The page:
“We been to lots of resorts but there’s not any place with plants like this,” said Beth Rolfes, a visitor. The Cinncinati, Ohio native and her husband Mark love the varieties of plants to be seen at Sanibel Moorings.

For this couple, the botanical garden is also helpful because of its number of honey bees buzzing about. The pair are beekeepers and enjoy learning about what flowers attract the insects.

Teaching is paramount to Marshall who devotes her time to planning and nurturing the botanical garden. “People up north love tropical plants,” she said. “It’s delightful when people show that enthusiasm.”

Marshall delights in answering tour guests’ questions about the gardens and plant life in general. “They’ll see every type of plant that will work in their gardens,” she said.

Aside from the plants, nesting boxes for screech owls fill corners of the garden. Right now there is a pair in one of the boxes. Boxes are placed for other cavity needing birds as well. Wildlife are part of the garden scene. During the cooler months, visitors can watch hummingbirds whiz about nectar rich flowers. At the moment a family of box turtles is calling the garden home. Each week, Marshall lists garden happenings such as the box turtle family sightings on the resort’s bulletin board.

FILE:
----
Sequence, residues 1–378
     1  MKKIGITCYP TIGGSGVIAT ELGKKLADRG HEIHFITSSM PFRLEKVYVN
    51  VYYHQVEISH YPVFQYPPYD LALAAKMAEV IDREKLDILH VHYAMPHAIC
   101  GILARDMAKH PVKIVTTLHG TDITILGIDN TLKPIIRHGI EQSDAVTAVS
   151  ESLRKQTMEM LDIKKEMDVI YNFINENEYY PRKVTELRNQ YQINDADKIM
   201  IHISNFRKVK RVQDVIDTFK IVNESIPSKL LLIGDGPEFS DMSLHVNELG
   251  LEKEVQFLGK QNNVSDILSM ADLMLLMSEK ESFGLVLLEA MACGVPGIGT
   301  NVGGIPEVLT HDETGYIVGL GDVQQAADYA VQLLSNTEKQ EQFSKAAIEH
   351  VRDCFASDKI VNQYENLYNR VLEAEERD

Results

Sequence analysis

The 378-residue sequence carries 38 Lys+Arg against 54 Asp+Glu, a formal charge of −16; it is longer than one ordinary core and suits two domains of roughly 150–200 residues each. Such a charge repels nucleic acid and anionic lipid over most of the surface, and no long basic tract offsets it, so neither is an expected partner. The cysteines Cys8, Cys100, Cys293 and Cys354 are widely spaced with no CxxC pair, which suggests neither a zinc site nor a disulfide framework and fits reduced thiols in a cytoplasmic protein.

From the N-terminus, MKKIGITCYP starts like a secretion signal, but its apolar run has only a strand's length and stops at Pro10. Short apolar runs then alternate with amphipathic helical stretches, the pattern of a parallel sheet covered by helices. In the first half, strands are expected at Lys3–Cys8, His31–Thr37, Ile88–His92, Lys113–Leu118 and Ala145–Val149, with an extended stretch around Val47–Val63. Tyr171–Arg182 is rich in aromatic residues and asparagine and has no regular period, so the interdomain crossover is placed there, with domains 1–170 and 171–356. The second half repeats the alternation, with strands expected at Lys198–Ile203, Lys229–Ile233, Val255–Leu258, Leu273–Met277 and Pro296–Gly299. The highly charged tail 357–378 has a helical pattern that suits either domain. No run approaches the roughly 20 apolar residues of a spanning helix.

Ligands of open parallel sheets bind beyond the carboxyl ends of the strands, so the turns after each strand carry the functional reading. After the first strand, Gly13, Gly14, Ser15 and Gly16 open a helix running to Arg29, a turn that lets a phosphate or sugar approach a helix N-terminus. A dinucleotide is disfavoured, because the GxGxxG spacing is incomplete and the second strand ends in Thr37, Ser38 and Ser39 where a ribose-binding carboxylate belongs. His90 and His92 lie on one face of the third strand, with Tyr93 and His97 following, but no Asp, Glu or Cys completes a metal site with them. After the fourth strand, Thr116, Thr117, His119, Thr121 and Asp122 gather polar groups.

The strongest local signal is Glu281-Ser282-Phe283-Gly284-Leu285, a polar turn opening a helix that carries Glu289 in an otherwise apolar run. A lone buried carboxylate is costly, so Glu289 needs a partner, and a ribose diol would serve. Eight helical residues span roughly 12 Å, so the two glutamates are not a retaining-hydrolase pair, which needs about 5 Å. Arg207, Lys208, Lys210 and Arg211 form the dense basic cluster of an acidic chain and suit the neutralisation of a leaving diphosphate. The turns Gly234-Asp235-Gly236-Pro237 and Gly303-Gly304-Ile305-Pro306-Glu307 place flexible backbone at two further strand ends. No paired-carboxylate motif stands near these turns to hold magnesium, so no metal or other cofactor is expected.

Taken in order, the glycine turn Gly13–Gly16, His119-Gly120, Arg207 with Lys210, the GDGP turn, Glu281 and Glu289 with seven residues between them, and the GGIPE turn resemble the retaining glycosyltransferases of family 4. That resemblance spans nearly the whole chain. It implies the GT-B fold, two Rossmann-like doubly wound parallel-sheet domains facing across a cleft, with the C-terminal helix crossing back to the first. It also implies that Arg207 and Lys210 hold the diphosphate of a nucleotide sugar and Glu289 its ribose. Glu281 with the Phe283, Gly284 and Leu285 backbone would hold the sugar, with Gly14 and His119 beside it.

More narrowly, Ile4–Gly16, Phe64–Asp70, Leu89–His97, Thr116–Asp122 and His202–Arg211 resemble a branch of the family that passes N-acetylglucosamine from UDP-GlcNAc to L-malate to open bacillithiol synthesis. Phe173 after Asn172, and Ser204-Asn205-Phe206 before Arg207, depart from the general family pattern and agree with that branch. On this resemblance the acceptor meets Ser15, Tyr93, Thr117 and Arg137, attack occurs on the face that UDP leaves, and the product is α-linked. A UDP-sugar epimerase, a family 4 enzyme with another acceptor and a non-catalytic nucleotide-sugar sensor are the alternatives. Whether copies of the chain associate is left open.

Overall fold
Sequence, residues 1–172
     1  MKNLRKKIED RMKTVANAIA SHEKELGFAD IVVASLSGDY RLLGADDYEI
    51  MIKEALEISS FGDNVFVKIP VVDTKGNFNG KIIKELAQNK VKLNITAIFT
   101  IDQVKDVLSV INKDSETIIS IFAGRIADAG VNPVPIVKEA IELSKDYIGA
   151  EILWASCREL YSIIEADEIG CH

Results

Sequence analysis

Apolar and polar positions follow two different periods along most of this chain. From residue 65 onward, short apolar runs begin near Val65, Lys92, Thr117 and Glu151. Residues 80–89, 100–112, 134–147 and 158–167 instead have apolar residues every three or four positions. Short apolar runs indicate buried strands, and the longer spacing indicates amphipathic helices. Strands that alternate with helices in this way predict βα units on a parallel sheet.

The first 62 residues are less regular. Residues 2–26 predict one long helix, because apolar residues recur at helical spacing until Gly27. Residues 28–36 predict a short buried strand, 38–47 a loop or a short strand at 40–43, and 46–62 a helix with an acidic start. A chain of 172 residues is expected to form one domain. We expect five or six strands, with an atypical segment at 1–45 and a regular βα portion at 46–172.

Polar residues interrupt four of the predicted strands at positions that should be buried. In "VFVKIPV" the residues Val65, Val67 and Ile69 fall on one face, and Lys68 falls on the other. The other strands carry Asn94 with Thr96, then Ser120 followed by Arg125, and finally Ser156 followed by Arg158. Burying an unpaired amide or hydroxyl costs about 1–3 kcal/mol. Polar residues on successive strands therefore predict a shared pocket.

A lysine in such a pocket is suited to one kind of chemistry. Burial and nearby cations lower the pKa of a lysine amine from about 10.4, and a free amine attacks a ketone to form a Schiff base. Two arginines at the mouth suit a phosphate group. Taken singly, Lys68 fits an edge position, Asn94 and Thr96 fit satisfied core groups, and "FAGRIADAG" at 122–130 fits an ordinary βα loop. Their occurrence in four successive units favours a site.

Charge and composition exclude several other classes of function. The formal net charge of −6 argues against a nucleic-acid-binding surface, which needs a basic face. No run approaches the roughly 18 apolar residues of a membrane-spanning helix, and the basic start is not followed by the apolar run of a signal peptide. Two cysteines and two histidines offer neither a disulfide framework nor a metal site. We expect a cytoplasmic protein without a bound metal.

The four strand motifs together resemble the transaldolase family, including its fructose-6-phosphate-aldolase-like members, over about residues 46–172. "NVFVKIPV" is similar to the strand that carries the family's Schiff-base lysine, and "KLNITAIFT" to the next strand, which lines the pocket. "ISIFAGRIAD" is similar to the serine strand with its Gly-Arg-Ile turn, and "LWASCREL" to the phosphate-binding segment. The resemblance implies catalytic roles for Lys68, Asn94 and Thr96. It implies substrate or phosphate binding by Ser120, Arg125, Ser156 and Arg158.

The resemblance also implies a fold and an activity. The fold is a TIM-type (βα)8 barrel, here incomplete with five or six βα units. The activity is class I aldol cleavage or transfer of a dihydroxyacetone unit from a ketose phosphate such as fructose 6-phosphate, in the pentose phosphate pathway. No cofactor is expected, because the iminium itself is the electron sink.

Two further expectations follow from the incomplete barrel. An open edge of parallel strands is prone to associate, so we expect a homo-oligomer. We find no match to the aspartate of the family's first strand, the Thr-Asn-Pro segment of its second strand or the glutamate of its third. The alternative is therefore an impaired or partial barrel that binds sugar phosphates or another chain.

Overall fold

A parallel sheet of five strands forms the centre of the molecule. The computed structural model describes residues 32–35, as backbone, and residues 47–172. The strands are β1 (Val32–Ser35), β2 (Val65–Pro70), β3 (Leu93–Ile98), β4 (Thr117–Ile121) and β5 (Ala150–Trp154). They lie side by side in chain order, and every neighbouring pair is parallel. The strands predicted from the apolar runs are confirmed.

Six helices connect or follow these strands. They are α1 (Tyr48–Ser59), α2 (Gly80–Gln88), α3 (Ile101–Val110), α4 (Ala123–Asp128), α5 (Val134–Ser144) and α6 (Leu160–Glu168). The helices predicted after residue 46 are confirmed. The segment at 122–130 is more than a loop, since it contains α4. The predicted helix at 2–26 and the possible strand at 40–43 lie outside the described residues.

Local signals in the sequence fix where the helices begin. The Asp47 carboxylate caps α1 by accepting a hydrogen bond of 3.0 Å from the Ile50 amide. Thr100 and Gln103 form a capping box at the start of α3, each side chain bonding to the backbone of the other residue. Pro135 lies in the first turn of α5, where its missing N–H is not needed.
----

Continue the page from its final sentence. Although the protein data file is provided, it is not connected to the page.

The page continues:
And Marshall herself is just as colorful a character as the botanical garden she cares for at Sanibel Moorings. The one-time MRI technician retired and pursued her love of gardening — a love she gleaned from her mother. Her eyes blossom with delight when she’s asked about one of the many plants in the garden.

In one instance the word agave was mentioned and in mere seconds, Marshall darted off to show off the resort’s new agave plant “Audrette.” “Audrette,” a type of century plant, sits where her predecessor, “Audrey,” once bloomed. “Audrey” reached the ripe old age of 50 and was a towering figure in the beach side spot where her little namesake is now planted. Audrey produced a 24-foot tall 200-pound bloom and then, like all century plants, died.

To Marshall all of the plants are sort of like her children. She knows each of their quirks and needs. She rattles off their names like a mom… silver buttonwood, Royal Poinciana, Sea Lavender, Golden Creeper and Canna Lilies. Marshall sees her role at Sanibel Moorings as a calling more than a job.

“My mother inspired me,” she said. “Now I want to inspire everyone.”

And she is not alone in her quest to create a world-class botanical garden. Hy Lans, a volunteer spends much time with the hibiscus collection —

he has entered some of the showy blossoms in an upcoming hibiscus show, and he’s sure at least one of them will win a prize.

Lans, a Sanibel resident, said the botanical garden is an important landmark.“I think it’s a unique experience, especially for people on Sanibel who like native gardening,” he said.

But if folks gets nothing more from the botanical garden than a big smile, then Marshall is happy.

“A garden should bring a sense of peace,” she said.